Evaluation of the Oropharyngeal Airway Space in Class II Malocclusion Treated with Mandibular Activator: A Retrospective Study

J Contemp Dent Pract. 2020 Jun 1;21(6):666-672.


Aim: The development of a class II malocclusion is usually related to a reduced oropharyngeal airway space. In order to prevent airway obstruction, functional appliances are commonly used for orthodontic therapy. The aim of the article is to verify if these appliances could positively influence oropharyngeal diameters preventing the onset of future respiratory disorders.

Materials and methods: A group of 10 patients treated at the Dental Clinic of San Gerardo Hospital in Monza with mandibular activator was selected. Ten similar untreated class II subjects with retrognathic mandible were used as control group. The cephalometric tracings were made on lateral teleradiographs of the skull before and after the active therapy with functional devices for the treated group and before and after growth peak for the control one. Descriptive statistical analysis was calculated for all the cephalometric values in both study cases and control group using Excel worksheet. The data distribution was evaluated with Shapiro-Wilk test and the in-between group discrepancies were evaluated with Mann-Whitney U test.

Results: At T1 period, both case and control groups showed a class II pattern. At T2 period, the study group shows an improvement in bones relationship with reduced ANB angles and OVJ measurements. The control group otherwise did not show any important changes in maxillo-mandibular discrepancies. The airway size increased in either group in most cases. No significant differences between the treated and control groups were detected for airway size neither in the upper, middle, nor lower level at the T1-T2 interval.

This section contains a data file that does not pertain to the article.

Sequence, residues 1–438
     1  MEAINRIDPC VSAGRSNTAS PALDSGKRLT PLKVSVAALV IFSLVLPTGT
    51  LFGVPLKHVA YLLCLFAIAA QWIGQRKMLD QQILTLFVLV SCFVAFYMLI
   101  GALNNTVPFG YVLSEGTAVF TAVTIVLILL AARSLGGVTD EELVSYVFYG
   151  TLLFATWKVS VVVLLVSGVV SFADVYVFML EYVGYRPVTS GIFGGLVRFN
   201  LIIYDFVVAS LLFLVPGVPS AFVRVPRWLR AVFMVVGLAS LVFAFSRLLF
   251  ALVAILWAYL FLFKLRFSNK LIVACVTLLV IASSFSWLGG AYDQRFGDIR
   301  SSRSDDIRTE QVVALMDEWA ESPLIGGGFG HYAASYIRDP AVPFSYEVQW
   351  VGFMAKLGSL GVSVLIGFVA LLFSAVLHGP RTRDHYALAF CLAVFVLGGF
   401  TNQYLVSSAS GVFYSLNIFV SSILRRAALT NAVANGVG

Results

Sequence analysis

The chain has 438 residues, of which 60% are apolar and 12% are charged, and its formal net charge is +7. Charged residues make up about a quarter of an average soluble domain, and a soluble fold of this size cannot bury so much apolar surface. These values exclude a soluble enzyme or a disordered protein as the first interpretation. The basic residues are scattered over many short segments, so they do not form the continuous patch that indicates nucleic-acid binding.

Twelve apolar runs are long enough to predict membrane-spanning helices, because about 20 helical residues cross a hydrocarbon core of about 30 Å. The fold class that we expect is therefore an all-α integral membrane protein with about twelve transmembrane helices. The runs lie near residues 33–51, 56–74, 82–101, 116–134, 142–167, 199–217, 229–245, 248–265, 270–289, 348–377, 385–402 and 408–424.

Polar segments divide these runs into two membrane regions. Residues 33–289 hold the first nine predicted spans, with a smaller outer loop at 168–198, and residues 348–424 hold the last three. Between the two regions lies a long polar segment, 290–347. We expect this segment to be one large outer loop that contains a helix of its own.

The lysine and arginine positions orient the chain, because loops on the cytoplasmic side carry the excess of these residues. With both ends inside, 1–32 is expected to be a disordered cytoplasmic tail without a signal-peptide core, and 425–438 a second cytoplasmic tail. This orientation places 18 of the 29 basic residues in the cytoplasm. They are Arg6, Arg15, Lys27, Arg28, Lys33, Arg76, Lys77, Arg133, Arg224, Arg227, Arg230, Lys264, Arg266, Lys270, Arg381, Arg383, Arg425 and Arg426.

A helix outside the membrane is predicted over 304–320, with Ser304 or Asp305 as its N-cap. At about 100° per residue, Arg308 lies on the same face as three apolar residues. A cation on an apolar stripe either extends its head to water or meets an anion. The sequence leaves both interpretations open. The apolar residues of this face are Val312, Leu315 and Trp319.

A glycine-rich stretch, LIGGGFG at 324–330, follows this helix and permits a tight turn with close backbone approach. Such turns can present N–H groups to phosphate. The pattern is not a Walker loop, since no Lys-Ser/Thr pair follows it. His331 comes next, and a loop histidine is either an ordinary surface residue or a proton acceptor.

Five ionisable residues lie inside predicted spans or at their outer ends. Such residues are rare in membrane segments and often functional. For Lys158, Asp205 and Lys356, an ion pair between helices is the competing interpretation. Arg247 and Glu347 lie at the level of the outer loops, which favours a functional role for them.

Conclusion: The upper airway values did not show any significant discrepancies between the two groups during the observation period.

Clinical significance: Functional devices were effective in solving class II relationships, but there is no evidence of successful breathing disorders prevention by using mandibular activators, probably due to the stability of airway tissues reached in pubertal age in both groups.

Keywords: Class II malocclusion; Mandibular activators; Obstructive sleep apnea syndrome; Occlusion; Oropharyngeal spaces; Sleep; Snoring; Temporomandibular joint Upper airway resistance syndrome..

MeSH terms

  • Cephalometry
  • Humans
  • Malocclusion, Angle Class II* / diagnostic imaging
  • Malocclusion, Angle Class II* / therapy
  • Mandible / diagnostic imaging
  • Pharynx*
  • Retrospective Studies